Prepping For A Perfect Paint Job — A Few Important Reminders

Automotive spray booth

This first critical step in a satisfactory paint finish really starts with the condition of the part or surface to be coated and what steps were taken to prepare the surface for receiving a coating.

Has the part or surface been acclimated to the coating environment?

Apart brought in from a storage area, where there exists a difference in temperature from the coating material to be applied, may cause problems with adhesion or gloss and other surface defects.

Has the part or surface been properly cleaned, so as to be free of any oils from handling with bare hands, or other chemical contaminants from storage to process?

Many production facilities utilize compressed air to wash the part, or “blow off” the loose surface contaminants as a step in the preparation process. In addition, the part would typically be wiped clean with a suitable lint-free wipe and/ or tack cloth. Prepping the part for cleaning also requires an area, or location, that can have controlled clean air. Many facilities utilize Prep Stations, or Tack-off booths to accomplish this. Doing so also ensures a controlled environment where the dirt and debris from this process do not become potential sources of contamination elsewhere in the process.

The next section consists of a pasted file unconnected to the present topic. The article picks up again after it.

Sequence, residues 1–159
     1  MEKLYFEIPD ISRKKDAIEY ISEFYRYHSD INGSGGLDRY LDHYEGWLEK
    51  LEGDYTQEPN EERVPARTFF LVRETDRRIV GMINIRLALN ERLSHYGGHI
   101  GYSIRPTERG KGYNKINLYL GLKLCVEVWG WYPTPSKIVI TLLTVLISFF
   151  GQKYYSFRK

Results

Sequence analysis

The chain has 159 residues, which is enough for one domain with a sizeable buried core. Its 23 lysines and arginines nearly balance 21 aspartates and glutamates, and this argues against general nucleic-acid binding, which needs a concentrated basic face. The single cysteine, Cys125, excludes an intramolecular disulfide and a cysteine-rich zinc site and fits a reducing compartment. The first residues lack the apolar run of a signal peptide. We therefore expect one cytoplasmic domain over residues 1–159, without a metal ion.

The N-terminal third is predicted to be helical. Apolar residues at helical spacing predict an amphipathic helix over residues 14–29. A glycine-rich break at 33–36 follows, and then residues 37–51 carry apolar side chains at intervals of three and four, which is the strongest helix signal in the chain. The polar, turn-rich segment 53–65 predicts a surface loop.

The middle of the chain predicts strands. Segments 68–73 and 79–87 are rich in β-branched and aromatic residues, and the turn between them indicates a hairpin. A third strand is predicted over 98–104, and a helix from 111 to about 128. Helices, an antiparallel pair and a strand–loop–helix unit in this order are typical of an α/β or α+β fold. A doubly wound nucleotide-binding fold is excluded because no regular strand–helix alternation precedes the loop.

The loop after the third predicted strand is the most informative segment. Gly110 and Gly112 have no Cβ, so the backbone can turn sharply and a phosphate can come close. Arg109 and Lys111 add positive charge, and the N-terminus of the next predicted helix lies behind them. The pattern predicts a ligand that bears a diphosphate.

Before the part can be coated, it will also require the removal of solid particulate that may remain on the surface. Wiping a surface clean is more than merely taking a handy rag and wiping it back and forth to get visible dirt and other particulates off of a surface. The prescribed method actually requires that all wiping is unidirectional from one side or end to the other. For instance, the decision on where to begin and end on an automotive part is usually from the most visible (class A surface) to the least visible (class B or C surface) aspect of that part. This would ensure any residual contaminant sources would be found on the least critical surface; should any remain. The requirement of wiping in one direction minimizes the probability of re-depositing contamination on to the surface.

Another aspect of prep work that should be considered is the masking of parts in some coating applications. Ensuring that the masking material is also maintained in a clean room condition and that only virgin non-shedding material is used, eliminates a potential source of coating contamination.

Handling the parts, during and after the prep work, with lint-free gloves is a critical process requirement for many coating operations. Oils and particulate from human skin will contaminate the surface and create blemishes in the finish. We continuously shed small particles of skin and these can become airborne defects that can settle onto the surface throughout the process, so it’s always best to make sure that anyone inside the paint booth or prep area is dressed in appropriate attire.

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